Fixing a basis $\{v_1,...,v_n\}$ for a space $V$, the **Gram matrix** is the $n\times n$ symmetric matrix given by $[B(v_i,v_j)]$. Similarly, if we fix a basis $\{w_1,...,w_n\}$ for a lattice $L$, then it is also a basis for $V$, and the Gram matrix for $L$ is given by $[B(w_i,w_j)]$.

For example, given the integral lattice $\mathbb Z^3$ on the Euclidean space $\mathbb{R}^3$, in the standard basis $\{e_1,e_2,e_3\}$ the lattice (and hence the space) has a Gram matrix \[ \begin{bmatrix} 1 & 0 & 0\\ 0 & 1 & 0 \\ 0 & 0 & 1 \end{bmatrix}. \]

Although Gram matrices are only unique up to a choice of basis, each lattice in the database is identified by a single Gram matrix. By entering a Gram matrix, $G$, into the search field, the database will return an isometric lattice whose Gram matrix, $A$, is equivalent to $G$ via conjugation by some transition matrix, $T$ (that is, $A=T^tGT$), provided the lattice is in the database.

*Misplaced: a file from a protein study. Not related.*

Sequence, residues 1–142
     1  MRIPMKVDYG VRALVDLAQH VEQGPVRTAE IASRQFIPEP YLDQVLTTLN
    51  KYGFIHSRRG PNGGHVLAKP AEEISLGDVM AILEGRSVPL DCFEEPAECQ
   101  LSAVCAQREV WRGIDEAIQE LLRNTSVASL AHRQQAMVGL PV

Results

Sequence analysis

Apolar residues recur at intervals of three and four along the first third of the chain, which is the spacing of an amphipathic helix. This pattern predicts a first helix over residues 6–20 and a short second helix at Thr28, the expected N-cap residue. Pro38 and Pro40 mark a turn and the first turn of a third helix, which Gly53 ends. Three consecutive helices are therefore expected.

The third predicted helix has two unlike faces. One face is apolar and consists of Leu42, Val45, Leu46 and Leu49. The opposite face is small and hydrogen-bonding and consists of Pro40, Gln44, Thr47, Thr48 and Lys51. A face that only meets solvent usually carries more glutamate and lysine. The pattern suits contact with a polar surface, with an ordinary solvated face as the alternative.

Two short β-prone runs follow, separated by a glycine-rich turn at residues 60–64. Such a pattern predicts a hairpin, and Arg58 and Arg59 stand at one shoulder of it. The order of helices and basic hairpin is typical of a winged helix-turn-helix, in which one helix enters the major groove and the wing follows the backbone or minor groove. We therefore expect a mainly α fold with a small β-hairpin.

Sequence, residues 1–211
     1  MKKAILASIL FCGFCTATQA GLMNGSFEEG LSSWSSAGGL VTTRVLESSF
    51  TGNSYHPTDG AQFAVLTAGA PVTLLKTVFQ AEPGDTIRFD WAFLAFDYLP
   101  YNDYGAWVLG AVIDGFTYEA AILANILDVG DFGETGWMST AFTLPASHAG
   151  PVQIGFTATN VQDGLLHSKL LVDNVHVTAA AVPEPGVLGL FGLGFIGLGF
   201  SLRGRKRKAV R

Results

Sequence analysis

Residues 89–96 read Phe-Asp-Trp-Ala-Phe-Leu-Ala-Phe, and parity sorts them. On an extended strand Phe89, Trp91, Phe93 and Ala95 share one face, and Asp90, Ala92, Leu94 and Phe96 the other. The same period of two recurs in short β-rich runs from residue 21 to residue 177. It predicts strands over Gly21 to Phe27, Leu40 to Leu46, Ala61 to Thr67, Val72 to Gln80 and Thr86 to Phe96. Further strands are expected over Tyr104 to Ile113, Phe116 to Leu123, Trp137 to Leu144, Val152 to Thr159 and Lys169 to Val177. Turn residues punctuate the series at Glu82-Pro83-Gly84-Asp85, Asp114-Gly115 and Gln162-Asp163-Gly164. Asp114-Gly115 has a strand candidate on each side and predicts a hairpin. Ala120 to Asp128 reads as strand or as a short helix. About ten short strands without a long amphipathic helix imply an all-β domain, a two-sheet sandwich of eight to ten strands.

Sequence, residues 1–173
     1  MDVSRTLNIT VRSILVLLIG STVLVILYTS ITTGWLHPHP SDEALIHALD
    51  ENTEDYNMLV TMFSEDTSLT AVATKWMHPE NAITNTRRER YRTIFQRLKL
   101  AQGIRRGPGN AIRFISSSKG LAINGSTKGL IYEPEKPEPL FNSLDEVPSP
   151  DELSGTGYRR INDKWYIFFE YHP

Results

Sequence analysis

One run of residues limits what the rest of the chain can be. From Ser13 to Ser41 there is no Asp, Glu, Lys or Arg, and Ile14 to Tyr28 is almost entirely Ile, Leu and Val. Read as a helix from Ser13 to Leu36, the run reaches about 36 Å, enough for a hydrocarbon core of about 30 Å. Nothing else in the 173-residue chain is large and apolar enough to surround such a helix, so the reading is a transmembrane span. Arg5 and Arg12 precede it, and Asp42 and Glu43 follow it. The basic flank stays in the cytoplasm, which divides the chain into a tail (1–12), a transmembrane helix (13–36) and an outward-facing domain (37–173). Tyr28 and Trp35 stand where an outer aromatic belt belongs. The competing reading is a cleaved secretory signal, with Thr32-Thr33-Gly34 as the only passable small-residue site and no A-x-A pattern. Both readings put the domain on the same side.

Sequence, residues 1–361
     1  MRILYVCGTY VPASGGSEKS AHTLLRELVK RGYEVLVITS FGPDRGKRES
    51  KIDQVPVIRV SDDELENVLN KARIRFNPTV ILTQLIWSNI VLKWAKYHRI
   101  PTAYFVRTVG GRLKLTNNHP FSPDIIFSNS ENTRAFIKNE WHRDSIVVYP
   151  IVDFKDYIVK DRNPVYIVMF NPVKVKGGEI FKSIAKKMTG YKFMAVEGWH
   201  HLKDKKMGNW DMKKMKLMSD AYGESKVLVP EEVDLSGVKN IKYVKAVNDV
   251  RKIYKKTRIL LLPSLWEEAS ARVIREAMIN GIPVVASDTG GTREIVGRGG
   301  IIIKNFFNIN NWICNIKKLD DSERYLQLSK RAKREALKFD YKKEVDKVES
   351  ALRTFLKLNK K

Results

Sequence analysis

**Authors:**

**Knowl status:**

- Review status: reviewed
- Last edited by Kiran S. Kedlaya on 2018-06-27 09:25:30

**Referred to by:**

- dq.lattice.source
- lattice.definition
- lattice.determinant
- lattice.hermite_number
- lattice.isometry
- lattice.postive_definite
- lattice.primitive
- lattice.theta
- lmfdb/lattice/templates/lattice-index.html (line 88)
- lmfdb/lattice/templates/lattice-search.html (line 13)
- lmfdb/lattice/templates/lattice-single.html (line 58)

**History:**(expand/hide all)

- 2018-06-27 09:25:30 by Kiran S. Kedlaya (Reviewed)